Book Reviews

Book Review: American History (Thomas Kidd)

Thomas S. Kidd teaches at Baylor University and later this year will begin as Research Professor of Church History at MBTS. Dr. Kidd writes at the Evangelical History blog at The Gospel Coalition. Kidd’s two volumes of American history have been combined into one volume that spans from 1492 to the 2016 presidential election and Donald Trump. The original Volume One began with the early (and already often-changing world of) Native Americans, the coming of the Europeans, and the conquest of the Americas, and it extended to America and freedom for slaves. Volume two began with America reforging itself as a continental powerhouse. Immigration, businesses, and urban centers all expanded, and settlers moved west. The volume moves through the roaring twenties, the growing consumerism of the 1950s, Billy Graham, rock and roll, civil rights, women’s rights, immigration, Clinton, Bush, terrorism, Obama, and Trump. Since this is the Combined Edition there is no “volume one” and “volume two;” it is simply one massive treasury of a book. 

A history book that covers almost 530 years cannot include everything. So in order to make this book manageable, Kidd focused on a few major themes of America’s history:

  1. Religion (primarily the Christian faith);
  2. Racial and ethnic conflict;
  3. The state of American culture, “Especially in regard to issues such as virtue, traditional moral norms, mass media, and entertainment” (2). 

As Kidd notes, a history book on America is like a “national autobiography” (2). It not only tells us how we got to where we are today, but it reminds us of the sins in our past so that we will hopefully not repeat them again. It reveals to us the courage of our past heroes—great and small—to inspire us “to honor their legacies” (2). Kids ends by writing, “I hope that readers will  grow in their appreciation for the role played in the American past and discern the ways in which America has been (or has not been) a congenial place for people of faith to flourish” (2).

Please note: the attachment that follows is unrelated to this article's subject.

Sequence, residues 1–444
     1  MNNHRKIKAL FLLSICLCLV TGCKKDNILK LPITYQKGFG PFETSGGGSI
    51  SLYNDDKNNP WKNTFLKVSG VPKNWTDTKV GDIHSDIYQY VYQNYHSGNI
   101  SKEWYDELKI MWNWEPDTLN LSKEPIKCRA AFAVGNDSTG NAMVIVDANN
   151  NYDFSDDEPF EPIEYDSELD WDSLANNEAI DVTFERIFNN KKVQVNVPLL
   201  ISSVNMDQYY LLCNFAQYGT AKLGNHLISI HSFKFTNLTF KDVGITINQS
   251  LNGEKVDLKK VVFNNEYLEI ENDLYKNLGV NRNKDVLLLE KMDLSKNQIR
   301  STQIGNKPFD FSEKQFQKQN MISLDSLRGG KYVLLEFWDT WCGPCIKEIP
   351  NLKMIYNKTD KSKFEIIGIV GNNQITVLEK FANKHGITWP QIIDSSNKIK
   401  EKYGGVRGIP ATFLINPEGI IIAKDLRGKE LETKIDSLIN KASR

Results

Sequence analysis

I enjoyed Kidd’s emphasis on the role of faith. Faith played a pivotal role for many—though not all—of the Europeans who initially traveled here and throughout the growth of the nation. But Kidd does not whitewash the past. There have been brutal battles, sometimes in the name of God, that we’re horrendous and uncalled for. Kidd shows the messiness of history with its ups and downs and tangential characters. He doesn’t look only at the big events and heroes of the past, but at minor characters who many either forget about or never hear about: Native Americans, minorities, women, slaves, and small religious groups. He doesn’t try to make people seem “Christian.” He writes what people did, and if what they did was lousy, a lie, or horrendous, it will show.


Kidd is adept at weaving narratives together, showing why certain events worked or didn’t work due to other historical factors. As you will read you will see example after example of how the historical events that shaped our country didn’t happen in a vacuum. I am amazed at the breadth of information and detail Kidd knows and can relay. The book has many pictures, illustrations, and maps. Each chapter ends with a “selected biography” of a few resources for further reading. This is an excellent history book, one that I wish I would have had in college. 


  • Author: Thomas S. Kidd
  • Paperback: ‎ 691 pages
  • Publisher: ‎ B&H Academic (December 1, 2019)

Buy this from Amazon or B&H Academic!

Disclosure: I received this book free from B&H Academic. The opinions I have expressed are my own, and I was not required to write a positive review. I am disclosing this in accordance with the Federal Trade Commission’s 16 CFR, Part 255

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